Sunday, February 10, 2008

Friday, February 8, 2008

Thursday, February 7, 2008

FRANKENSTEIN: A SELF-PORTRAIT (PART TWO) WHILE all of my works contain a dash of autobiography (regardless of how subterranean it may appear) this piece is autobiography in it’s most raw and exposed form. When my partner of twenty-five years died after a brief battle with cancer in 2004, a decision had to be made whether to throw in the to-wel and follow him or prove to myself that I’m made of sterner stuff. Extracting telling quotes on loss and loneliness, desire and self-recrimination, and creativity and destruction from Mary Shelley’s little-read 1819 masterpiece, this work is one of a series of cathartic fragments from an ongoing rebuilding process which moved me away from the lure of death towards fashioning myself as a new creation. FRANKENSTEIN: A SELF-PORTRAIT (PART TWO) is located at the intersection of love and loss, and by adopting the strategy of layering a text from the dawn of the modern industrial age with an image from its dusk somehow captures the essence of romanticism. While the writing maybe completely over the top and the image/text juxtaposition may be obsessively mad, where is it mandated that eroticism must be fun? A year and a half ago I wanted to die, and now I do not. That is all that truly matters. BRUCE EVES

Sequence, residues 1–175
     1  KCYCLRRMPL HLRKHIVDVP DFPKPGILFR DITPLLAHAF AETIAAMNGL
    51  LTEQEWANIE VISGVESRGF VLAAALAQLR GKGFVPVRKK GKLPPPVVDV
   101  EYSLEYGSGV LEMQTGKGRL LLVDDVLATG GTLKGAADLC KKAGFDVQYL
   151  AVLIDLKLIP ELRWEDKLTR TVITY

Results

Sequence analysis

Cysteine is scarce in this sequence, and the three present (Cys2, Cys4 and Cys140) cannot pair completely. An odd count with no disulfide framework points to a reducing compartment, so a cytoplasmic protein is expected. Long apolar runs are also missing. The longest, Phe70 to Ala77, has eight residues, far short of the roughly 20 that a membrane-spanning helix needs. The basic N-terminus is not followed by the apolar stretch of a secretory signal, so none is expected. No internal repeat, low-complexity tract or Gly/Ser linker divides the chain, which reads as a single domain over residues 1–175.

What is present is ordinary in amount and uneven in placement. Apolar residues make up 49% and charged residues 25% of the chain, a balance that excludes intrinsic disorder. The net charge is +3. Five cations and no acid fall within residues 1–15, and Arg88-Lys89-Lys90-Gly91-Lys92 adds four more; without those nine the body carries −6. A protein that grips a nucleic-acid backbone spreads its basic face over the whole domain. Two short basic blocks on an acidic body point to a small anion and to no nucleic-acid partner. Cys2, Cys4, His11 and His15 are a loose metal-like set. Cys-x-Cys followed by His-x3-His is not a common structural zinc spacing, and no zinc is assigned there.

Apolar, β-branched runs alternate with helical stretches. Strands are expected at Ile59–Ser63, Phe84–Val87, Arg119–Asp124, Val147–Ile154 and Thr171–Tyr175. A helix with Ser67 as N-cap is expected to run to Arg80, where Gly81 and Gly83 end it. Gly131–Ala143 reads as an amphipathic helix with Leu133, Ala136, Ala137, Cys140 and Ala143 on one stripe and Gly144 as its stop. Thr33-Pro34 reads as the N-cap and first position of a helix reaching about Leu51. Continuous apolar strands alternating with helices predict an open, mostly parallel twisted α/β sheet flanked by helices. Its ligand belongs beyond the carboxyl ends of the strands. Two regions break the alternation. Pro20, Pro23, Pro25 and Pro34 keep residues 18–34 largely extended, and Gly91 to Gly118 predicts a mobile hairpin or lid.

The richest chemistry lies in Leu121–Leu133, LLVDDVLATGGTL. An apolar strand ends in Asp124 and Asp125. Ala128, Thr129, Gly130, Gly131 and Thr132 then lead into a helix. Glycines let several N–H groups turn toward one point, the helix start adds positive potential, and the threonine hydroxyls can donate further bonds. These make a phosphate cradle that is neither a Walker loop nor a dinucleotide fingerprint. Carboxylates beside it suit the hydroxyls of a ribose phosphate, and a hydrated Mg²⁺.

THE TEXT READS: “It is so long before the mind can persuade itself that [he] whom we saw every day and whose very existence appeared a part of our own can have departed forever – that the brightness of a beloved eye can have been extinguished and the sound of a voice so familiar and dear to the ear can be hushed, never more to be heard. These are the reflections of the first days; but when the lapse of proves the reality of the evil, then the actual bitterness of grief commences. Yet from whom has not that rude hand rent away some dear connection? And why should I describe a sorrow which all have felt, and must feel? The time at length arrives when grief is rather an indulgence than a necessity; and the smile that plays upon the lips, although it may be deemed a sacrilege, is not banished. My [lover] was dead, but we still have duties which we ought to perform; we must continue our course with the rest and learn to think ourselves fortunate whilst one remains whom the spoiler has not seized.”

Monday, February 4, 2008

Sunday, February 3, 2008

Saturday, February 2, 2008

BRUCE EVES Q & A WITH TODD BROOKS / Pendu Magazine & Gallery